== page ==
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      Comparative psychophysics of bumblebee and honeybee colour discrimination and object detection.

      Journal of Comparative Physiology. A, Neuroethology, Sensory, Neural, and Behavioral Physiology

      Maze Learning, methods, Animals, Bees, Psychophysics, Behavior, Animal, Color, Choice Behavior, Photic Stimulation, Discrimination (Psychology), classification, physiology, Color Perception, Statistics, Nonparametric

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          Abstract

          Bumblebee (Bombus terrestris) discrimination of targets with broadband reflectance spectra was tested using simultaneous viewing conditions, enabling an accurate determination of the perceptual limit of colour discrimination excluding confounds from memory coding (experiment 1). The level of colour discrimination in bumblebees, and honeybees (Apis mellifera) (based upon previous observations), exceeds predictions of models considering receptor noise in the honeybee. Bumblebee and honeybee photoreceptors are similar in spectral shape and spacing, but bumblebees exhibit significantly poorer colour discrimination in behavioural tests, suggesting possible differences in spatial or temporal signal processing. Detection of stimuli in a Y-maze was evaluated for bumblebees (experiment 2) and honeybees (experiment 3). Honeybees detected stimuli containing both green-receptor-contrast and colour contrast at a visual angle of approximately 5 degrees , whilst stimuli that contained only colour contrast were only detected at a visual angle of 15 degrees . Bumblebees were able to detect these stimuli at a visual angle of 2.3 degrees and 2.7 degrees , respectively. A comparison of the experiments suggests a tradeoff between colour discrimination and colour detection in these two species, limited by the need to pool colour signals to overcome receptor noise. We discuss the colour processing differences and possible adaptations to specific ecological habitats.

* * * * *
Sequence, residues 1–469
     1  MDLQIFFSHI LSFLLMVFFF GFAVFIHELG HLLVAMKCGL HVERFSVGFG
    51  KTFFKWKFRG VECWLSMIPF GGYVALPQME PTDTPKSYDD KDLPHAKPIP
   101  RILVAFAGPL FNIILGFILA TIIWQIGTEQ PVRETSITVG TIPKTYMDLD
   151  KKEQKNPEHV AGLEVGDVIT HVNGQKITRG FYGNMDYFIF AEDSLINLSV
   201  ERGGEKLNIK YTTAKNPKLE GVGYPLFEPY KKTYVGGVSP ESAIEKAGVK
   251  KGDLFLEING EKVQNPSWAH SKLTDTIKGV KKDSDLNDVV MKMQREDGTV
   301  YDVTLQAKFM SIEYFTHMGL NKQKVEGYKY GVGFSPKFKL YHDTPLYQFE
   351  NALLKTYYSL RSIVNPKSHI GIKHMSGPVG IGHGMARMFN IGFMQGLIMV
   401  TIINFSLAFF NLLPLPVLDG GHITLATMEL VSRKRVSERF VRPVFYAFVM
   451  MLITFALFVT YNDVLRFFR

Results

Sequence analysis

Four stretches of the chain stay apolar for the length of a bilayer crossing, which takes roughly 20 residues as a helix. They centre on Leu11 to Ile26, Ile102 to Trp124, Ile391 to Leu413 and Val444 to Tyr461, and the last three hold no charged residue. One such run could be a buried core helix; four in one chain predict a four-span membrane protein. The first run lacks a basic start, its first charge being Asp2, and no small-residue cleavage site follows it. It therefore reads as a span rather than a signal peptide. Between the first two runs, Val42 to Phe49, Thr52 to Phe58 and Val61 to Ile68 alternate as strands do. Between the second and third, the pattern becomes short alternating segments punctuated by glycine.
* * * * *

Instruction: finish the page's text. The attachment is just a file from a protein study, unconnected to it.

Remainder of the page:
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          Journal
          18437390
          10.1007/s00359-008-0335-1

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